Although Jewish weddings may take place on the days in between the Jewish High Holidays, it is generally discouraged because during that period, also known as the Days of Awe, we are focused on the solemn themes of the season.
The Holocaust is an important topic not only in Jewish history, but in the history of humankind. The topic is disturbing, and it is appropriate to feel uncomfortable and upset by the stories, the facts, and especially the images.
The High Holidays are a time of introspection and self-assessment in anticipation of repentance, forgiveness, thanksgiving and rejoicing. It is a season of healing.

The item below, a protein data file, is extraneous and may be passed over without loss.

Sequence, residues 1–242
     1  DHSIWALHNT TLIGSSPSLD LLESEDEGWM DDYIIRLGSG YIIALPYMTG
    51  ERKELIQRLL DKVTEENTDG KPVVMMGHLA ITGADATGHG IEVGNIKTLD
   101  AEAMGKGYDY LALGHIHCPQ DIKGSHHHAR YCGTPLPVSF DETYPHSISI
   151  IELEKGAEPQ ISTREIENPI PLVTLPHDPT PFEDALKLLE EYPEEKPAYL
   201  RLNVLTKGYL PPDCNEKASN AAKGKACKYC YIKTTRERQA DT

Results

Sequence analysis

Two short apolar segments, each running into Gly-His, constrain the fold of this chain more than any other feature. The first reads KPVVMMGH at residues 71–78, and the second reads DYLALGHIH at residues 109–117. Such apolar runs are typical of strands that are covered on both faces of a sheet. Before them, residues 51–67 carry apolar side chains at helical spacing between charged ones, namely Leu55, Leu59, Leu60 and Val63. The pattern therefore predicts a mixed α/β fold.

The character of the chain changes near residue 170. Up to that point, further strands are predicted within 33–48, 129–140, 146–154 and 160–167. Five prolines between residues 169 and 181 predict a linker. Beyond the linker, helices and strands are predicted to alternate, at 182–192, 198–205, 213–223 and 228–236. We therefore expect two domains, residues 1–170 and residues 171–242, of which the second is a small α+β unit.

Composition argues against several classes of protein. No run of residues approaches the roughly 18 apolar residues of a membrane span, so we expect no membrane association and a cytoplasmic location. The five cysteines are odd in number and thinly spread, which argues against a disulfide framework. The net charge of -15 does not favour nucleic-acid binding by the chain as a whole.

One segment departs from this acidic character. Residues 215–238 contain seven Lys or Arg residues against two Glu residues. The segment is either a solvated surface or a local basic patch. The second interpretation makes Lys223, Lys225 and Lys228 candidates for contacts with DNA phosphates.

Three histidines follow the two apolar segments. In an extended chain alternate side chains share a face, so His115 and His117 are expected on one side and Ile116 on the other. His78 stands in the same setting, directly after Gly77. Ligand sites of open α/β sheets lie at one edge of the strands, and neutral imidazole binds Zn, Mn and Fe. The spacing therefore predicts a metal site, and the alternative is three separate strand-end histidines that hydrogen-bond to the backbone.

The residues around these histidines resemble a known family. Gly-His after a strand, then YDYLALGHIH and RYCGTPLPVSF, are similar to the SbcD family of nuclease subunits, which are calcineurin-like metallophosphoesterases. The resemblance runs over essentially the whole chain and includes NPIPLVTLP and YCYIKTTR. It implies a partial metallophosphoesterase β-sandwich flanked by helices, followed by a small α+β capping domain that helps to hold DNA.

Yom Kippur, 1965, I was a Navy medical officer stationed aboard a destroyer off the coast of Vietnam.
For most North American Jews, the haunting melody of Kol Nidrei surely is the piece of liturgy that best represents Yom Kippur, prompting us to delve deep into our souls.
During the Days of Awe, we engage in a full accounting of our souls and our actions. Perhaps this process should be applied to our relationship with Israel as well.
Yom Kippur is the holiest day of the Jewish year, but for those of us who struggle with eating disorders or disordered eating, it can be one of the most challenging.
“Is such the fast I desire, A day for men to starve their bodies? Is it bowing the head like a bulrush And lying in sackcloth and ashes? Do you call that a fast, A day when the LORD is favorable?